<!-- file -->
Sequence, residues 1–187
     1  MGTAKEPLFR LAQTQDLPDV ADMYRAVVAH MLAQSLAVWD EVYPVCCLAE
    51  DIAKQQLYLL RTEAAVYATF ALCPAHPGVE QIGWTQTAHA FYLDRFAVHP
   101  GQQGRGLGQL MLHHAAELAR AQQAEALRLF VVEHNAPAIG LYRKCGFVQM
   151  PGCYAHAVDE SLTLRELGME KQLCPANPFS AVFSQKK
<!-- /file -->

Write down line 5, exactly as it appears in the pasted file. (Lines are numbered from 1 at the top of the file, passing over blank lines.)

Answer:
   151  PGCYAHAVDE SLTLRELGME KQLCPANPFS AVFSQKK